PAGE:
Screenprinting (occasionally known as “silkscreen”, or “serigraphy”) is a printmaking process where ink is forced through a mesh screen onto a surface. Making certain areas of the screen impervious to printing ink creates a stencil, which blocks the printing ink from passing through the screen. Ink is simply pushed through the stencil against the surface of the paper, most often with the aid of a squeegee. Generally, the technique uses a natural or synthetic ‘mesh’ fabric stretched tightly across a rectangular ‘frame,’ much like a stretched canvas. The fabric can be silk, nylon monofilament, multifilament polyester, or even stainless steel.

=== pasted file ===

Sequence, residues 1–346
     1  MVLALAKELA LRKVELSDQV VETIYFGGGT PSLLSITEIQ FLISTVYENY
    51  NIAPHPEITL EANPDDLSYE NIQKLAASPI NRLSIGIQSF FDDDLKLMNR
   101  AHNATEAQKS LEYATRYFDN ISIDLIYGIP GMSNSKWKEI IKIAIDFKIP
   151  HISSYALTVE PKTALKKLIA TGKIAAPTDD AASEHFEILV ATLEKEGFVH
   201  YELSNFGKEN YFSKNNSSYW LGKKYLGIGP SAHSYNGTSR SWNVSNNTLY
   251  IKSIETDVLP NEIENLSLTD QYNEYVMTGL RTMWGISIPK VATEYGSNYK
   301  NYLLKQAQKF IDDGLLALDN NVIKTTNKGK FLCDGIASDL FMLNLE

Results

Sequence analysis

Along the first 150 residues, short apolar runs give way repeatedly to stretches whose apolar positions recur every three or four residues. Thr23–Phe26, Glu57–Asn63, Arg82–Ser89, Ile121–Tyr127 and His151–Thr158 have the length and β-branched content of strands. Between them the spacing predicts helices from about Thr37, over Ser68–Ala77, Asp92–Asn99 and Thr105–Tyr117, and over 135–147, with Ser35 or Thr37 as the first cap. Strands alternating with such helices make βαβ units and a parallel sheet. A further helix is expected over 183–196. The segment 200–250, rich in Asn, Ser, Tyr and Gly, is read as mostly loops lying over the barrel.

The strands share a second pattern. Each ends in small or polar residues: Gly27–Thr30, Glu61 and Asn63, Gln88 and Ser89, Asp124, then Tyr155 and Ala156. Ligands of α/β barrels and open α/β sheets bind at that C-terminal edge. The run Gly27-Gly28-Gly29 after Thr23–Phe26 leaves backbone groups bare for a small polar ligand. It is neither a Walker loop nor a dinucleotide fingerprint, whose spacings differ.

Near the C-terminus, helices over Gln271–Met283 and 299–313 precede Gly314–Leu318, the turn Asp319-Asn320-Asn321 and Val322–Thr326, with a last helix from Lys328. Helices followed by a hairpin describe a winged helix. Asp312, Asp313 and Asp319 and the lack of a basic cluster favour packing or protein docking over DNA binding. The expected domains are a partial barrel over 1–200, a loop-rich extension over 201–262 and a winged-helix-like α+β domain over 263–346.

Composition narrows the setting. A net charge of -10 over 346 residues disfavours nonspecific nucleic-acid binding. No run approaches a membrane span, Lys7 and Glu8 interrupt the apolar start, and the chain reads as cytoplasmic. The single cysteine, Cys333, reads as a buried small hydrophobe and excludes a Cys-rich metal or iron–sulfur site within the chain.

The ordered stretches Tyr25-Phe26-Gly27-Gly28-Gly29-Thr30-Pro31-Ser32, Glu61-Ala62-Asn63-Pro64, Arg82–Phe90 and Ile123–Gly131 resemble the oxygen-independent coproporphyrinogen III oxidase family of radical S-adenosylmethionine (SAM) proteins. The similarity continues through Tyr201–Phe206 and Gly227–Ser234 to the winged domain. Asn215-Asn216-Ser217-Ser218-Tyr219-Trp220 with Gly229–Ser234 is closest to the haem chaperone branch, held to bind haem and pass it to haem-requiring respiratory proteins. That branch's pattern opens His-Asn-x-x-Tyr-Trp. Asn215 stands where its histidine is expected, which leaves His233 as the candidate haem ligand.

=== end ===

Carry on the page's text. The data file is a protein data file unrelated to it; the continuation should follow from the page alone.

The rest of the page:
The essential tools required are a squeegee, a mesh fabric, a frame, and a stencil. Unlike many other printmaking processes, a printing press is not required, as screen printing is essentially stencil printing. Screen printing may be adapted to printing on a variety of materials, from paper, cloth, and canvas to rubber, glass, and metal. Artists have used the technique to print on bottles, on slabs of granite, directly onto walls, and to reproduce images on textiles which would distort under pressure from printing presses.
See also: Screenprint process explained by The Metropolitan Museum of Art, New York